Analogue controllers might use smaller ranges but the problem remained.
Now look at what is the logical 1 and 0 ranges on modern chips. It's still pretty generous.
Boom times for the makers of decoupling capacitors and single chip voltage regulators.
"One of the reasons why digital logic became popular. "In analogue computing terms something like +/- 15v"
Nope. Analogue logic and computing is horrid.
Analogue has very little dynamic range and is hopeless for most calculation purposes. Analogue multipliers and adders are very prone to drift and all sorts of problems. It is these limitations that cause them to be crap, not the voltage that they are driven with.
Some digital circuitry, such as ECL, has/had positive and negative supplies.
As far as handling noise etc goes, all digital signals are just clipped analogue signals. Digital signals are typically far more robust though.
If you read the article as referring to the original P5 Pentium core, and not the P6 and its derivatives (PPro, PII, PIII, PM,... even the first Core architecture to some extent, from what I understand), the "dumpster diving" comment makes more sense. After all, Intel continues to have "Pentium" processors in their modern lineup.
"Let's take an example of a hundred-gigaFLOPS system today," he said. "If you want that performance, it will require about 200 watts of power."
Well, it might take 200Watts worth of Intel hardware to get 100GFLOPS. But there's plenty of industry examples that already out perform that. Take the Cell processors - that weighed in at about 250GFLOPS for 80Watts, (32Watts / 100GFLOPs). And I wouldn't mind betting that most GPUs that get up to 100GFLOPS (i.e. all of them these days?) use much less than 200Watts. And just how many ARM SOCs do you need to get 100GFLOPs? They seem to deliver *enough* performance on very little juice indeed.
I think this is Intel missing the point again. If you *really* want to deliver a workload with the absolute minimum of power consumption, starting off with the x86 as the basis for delivering it is not necessarily going to be the optimum solution. Intel are very good at forcing silicon manufacturing towards ever more impressive transistor performance, but everyone else catches up sooner or later and just builds ARMs using the same tricks. And ARMs seem to have an inherent architectural advantage when it comes to Performance/Watt metrics.
Where this may just save Intel (at least for a while) is in the world of servers. If they can point to siginificant power savings in the data centre then the operators will be replacing their equipment as quickly as they possibly can.
Er, no. If your processor can only get FLOPs when given an embarrassingly parallel problem, then it isn't interesting.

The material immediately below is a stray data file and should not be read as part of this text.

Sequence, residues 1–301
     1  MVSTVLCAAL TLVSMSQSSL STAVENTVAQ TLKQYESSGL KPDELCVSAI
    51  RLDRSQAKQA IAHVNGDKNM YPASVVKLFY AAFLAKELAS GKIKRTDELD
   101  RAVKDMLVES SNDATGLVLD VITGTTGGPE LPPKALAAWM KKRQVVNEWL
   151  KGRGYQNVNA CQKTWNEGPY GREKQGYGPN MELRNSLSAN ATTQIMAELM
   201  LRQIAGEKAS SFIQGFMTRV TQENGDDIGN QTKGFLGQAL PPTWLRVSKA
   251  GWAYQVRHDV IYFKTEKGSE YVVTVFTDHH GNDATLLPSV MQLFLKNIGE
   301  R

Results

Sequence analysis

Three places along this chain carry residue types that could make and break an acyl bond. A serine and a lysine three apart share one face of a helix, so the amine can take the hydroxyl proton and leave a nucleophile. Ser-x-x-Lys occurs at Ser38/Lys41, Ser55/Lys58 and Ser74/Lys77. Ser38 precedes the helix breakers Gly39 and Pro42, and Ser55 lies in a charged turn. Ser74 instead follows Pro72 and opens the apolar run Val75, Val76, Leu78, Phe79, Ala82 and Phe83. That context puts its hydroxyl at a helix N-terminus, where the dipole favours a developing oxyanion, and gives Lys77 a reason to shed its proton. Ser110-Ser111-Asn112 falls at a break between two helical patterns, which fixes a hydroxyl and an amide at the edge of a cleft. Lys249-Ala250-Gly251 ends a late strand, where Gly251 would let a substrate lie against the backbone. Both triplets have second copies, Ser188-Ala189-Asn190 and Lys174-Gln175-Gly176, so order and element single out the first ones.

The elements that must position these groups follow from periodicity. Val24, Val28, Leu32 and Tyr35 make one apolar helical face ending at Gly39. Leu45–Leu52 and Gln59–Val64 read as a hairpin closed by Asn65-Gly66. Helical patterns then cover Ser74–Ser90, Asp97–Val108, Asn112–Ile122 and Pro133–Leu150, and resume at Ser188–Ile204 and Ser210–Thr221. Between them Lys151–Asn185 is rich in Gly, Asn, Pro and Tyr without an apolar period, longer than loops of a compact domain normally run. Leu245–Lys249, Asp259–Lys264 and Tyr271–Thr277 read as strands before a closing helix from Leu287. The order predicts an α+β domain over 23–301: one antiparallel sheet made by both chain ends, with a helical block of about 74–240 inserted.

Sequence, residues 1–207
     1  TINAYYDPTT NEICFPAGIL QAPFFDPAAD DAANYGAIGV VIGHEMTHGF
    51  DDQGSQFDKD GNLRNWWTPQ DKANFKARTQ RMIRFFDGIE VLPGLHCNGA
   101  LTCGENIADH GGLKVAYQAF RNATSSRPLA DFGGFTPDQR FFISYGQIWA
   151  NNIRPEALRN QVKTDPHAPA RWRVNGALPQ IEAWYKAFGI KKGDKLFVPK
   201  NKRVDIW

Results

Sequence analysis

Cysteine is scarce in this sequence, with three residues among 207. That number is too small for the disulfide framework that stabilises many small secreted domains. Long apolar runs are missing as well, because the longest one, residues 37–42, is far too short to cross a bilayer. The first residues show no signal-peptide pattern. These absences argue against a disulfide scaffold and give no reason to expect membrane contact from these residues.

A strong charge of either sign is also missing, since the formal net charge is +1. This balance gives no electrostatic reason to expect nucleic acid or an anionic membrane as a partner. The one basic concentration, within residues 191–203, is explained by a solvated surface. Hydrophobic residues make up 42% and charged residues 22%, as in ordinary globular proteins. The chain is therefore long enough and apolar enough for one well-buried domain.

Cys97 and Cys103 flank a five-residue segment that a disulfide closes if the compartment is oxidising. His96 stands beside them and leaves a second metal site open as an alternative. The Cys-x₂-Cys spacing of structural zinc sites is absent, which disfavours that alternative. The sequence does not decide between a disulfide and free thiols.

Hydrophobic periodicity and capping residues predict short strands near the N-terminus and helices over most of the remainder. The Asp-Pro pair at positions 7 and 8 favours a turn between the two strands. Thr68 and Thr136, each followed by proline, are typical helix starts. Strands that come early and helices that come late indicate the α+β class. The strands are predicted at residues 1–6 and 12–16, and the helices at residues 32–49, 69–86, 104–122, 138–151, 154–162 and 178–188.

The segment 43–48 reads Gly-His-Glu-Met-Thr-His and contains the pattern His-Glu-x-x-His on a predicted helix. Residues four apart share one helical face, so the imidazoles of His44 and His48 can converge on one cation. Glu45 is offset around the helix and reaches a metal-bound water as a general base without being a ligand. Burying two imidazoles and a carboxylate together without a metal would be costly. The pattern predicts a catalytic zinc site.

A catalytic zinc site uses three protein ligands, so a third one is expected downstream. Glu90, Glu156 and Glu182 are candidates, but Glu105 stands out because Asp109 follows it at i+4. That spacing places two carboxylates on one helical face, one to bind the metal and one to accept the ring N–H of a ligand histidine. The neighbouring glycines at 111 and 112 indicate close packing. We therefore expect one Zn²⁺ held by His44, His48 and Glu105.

We've had GPUs and Cells for years and yet they haven't taken over the world. They aren't useful for much beyond eye-candy. Oh, and don't point me to a whole raft of El Reg articles about how someone has programmed an FFT on one of them. The very fact that these stories are still newsworthy, years after the technology arrived on people's desks, tells you that this hasn't caught on.
Well, I guess it depends on what you call an interesting compute problem ;-)
When you stop and look at the high performance floating point compute jobs that your average man on the street actually wants done (and is therefore 'interesting', at least from an industrial competition point of view), it's things like video / audio codecs, and to a lesser extent 3D graphics and games physics. And that's about it. Most people's high performance floating point requirements *are* very parallel indeed. That's why Nvidia and ATI have successfully sold so many billions of very parallelised GPUs, and why almost every smart phone out there has one too. In that sense they really have taken over the world.
My only point really is that whatever Intel/AMD can achieve with a general purpose CPU someone like NVidia, Qualcomm, ARM, etc. is likely to surpass once they've mastered the comparable sillicon manufacturing techniques. That has consistently been the case up to now, and the commercial realities of today are clear evidence of that. And now there's things like CUDA and OpenCL which are threatening to take even more floating point workload away from the CPU.
Until Intel can get the performance / Watt to a level where the x86 battery life is meaninglessly long or the electricity bill insignificant, they're not going to get a look in. Maybe these low operating voltages will get them there, but I doubt it. Anyway, who wants 100GFLOPS in a handheld device anyway?
"My only point really is that whatever Intel/AMD can achieve with a general purpose CPU someone like NVidia, Qualcomm, ARM, etc. is likely to surpass once they've mastered the comparable sillicon manufacturing techniques."
No. Because as soon as these excellent people try to build a processor for non-embarrassingly parallel problems, they end up building something that looks like an x86. That's a single-threaded general prpose processor. A tiny fraction of the die area is spent on the instruction decode. Everything else is ISA independent, determined by the target market segment and frankly designed in much the same across the entire industry.